A generic limerick tune that can be used to sing any limerick and also to create new lyrics in that form.
It’s all about the extra-musical influences that inspired Vivaldi while he composed “The Four Seasons”, in particular sonnets which often appear at the beginning of the score.
No dry harmony study here – activities in composing, performing, score-reading, listening…as well as analysis to help you get to grips with some of Vivaldi’s harmonic delectations.
Here’s a selection of activities to not only help you become more familiar with Vivaldi’s The Four Seasons, but also to hone some of your own composing skills at the same time.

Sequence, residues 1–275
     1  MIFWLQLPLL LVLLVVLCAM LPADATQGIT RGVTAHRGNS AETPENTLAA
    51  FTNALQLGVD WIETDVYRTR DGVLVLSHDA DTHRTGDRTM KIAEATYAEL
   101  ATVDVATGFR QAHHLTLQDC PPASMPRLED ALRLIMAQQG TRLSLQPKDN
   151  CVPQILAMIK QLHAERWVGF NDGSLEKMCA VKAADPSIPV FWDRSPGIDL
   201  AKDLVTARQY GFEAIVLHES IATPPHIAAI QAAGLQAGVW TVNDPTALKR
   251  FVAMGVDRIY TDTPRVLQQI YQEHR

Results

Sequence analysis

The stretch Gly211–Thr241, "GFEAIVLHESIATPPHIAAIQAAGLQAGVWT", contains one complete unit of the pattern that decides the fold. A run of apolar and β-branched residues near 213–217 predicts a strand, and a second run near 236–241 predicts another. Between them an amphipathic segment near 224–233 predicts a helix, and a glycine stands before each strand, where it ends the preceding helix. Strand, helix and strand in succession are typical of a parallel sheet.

Clap the pulse, clap the rhythm, make up your own rhythms that add up to 4 beats. The musical genius Mozart will help us!
With waving and petals and bowing and clapping, let’s welcome the Queen Of Sheba to our school…and while we’re at it, let’s pretend to be her and her courtiers as well!
Sleeping potions, storms, scary forests, warriors riding their horses through the skies, fiery mountains – they all need music composing for them. Wagner’s had a go: now it’s your turn!
It’s all about singing a dramatic and rhythmic song in a language other than English, which makes you listen so very intently.
Let’s adopt the saltarello dancing position and skip, leap and spin ourselves into a celebratory mood with Mendelssohn’s Italian Symphony.
Have a go at playing a simple melody and then compose some variations on that melody, then you too can be like Edvard Grieg and his King of the Dwarfs.